A team of community-minded North Tyneside teenagers have spent time giving back to charity with a series of innovative projects, including the ‘takeover’ of a Whitley Bay restaurant and 100-mile cycle-thon.
Aiming to raise much-needed funds for the Cedarwood Trust, a pastoral care charity based on the Meadow Well Estate in North Shields, one team of 15 youngsters spending part of their summer holidays doing National Citizen Service (NCS) have been busy putting their new-found skills to good use.
Thousands of savvy Tyneside teenagers are currently spending their summer holidays taking part in NCS, a flagship government initiative that provides young people aged 15-17 the chance to take on new challenges and experience exciting activities.
Following a week of outdoor adventure and a university-style skills-building stay, participants are tasked with designing a social action project aimed at making a real difference to the community.
Choosing to benefit the Cedarwood Trust, the team, supported by NCS Team Leader Jo Cooney and Team Assistant Phoebe Hedley, have spent a week conducting various charitable endeavours, including a 100 mile cycle-thon fundraiser at The Parks Leisure Centre and putting together care packages for the Trust’s users.
The team also ‘took over’ the running of Evan’s Bistro in Whitley Bay for an evening, inviting family, friends and members of the public to book a table, with all tips going towards their cause. The group served dishes to diners and provided entertainment and live music.
16 year old James Malley, from Seaton Sluice, said: “Large charities often receive lots of help, so we wanted instead to support a local charity and the community around us. The Cedarwood Trust act as a Foodbank, as well as helping people with all the basic commodities that the community needs.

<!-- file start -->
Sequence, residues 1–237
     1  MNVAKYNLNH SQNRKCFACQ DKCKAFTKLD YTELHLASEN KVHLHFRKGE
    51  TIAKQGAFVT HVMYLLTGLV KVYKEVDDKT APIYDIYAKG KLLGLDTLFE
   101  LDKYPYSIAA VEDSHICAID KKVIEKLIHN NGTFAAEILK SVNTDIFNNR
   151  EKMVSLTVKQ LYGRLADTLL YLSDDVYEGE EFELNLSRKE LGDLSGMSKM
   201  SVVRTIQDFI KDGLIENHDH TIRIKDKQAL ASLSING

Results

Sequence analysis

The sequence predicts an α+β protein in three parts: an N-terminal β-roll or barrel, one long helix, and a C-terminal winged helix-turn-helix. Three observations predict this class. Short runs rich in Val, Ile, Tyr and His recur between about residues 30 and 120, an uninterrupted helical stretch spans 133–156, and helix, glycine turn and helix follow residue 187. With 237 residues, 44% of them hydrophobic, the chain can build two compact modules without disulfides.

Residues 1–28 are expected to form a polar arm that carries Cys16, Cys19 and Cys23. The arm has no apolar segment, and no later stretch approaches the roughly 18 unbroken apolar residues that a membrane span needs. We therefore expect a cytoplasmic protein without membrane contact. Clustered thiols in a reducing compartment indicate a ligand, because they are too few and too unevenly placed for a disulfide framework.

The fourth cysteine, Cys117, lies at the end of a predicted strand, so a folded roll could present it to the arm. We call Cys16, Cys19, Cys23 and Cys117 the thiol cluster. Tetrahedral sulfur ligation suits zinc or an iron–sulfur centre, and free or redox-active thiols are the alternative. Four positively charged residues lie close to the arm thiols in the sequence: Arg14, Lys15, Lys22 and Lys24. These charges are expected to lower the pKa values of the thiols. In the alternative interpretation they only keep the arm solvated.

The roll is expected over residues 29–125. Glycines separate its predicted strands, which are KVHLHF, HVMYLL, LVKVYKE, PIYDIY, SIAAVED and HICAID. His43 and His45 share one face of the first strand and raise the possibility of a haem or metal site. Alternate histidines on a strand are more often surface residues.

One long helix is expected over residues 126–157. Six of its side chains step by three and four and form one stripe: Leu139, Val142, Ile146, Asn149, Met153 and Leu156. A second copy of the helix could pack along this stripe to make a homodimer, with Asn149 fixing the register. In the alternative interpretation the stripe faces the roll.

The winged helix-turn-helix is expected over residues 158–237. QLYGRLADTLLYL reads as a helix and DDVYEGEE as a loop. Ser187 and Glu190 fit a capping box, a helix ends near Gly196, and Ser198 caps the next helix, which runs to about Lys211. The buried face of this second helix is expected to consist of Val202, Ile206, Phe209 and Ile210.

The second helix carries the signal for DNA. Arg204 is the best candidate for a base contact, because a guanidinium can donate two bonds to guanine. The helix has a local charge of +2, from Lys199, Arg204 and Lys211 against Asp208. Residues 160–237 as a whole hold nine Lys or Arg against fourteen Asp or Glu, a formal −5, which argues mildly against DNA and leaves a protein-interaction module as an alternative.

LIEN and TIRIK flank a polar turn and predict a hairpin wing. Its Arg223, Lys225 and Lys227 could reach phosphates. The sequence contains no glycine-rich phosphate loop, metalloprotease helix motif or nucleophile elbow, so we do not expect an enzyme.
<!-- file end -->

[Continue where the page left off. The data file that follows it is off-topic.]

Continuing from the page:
“I’ve met lots of new people and everyone has got on really well.”
NCS Team Leader Jo Cooney said: “I’m really proud that the team have achieved so much during their week of social action.
“When they started NCS four weeks ago, they were a shy bunch of teens, from several different schools, meeting each other for the first time. Now, they’re all confident young adults who have made a real difference, and built some incredible skills along the way.”
NCS is a flagship government initiative that provides young people aged 15-17 the chance to take on new challenges, experience exciting activities, make long-lasting friendships and develop vital skills that will support them later in life. It was launched to tackle three core issues of importance to society: social cohesion, social mobility and social engagement.
Over 500,000 young people have completed the NCS programme to date, giving over 12 and half million hours to social action projects since NCS started.
To find out more about NCS, including how to take part, go to www.ncsyes.co.uk. Teenagers who missed out this summer have the chance to take part in NCS during the autumn half-term.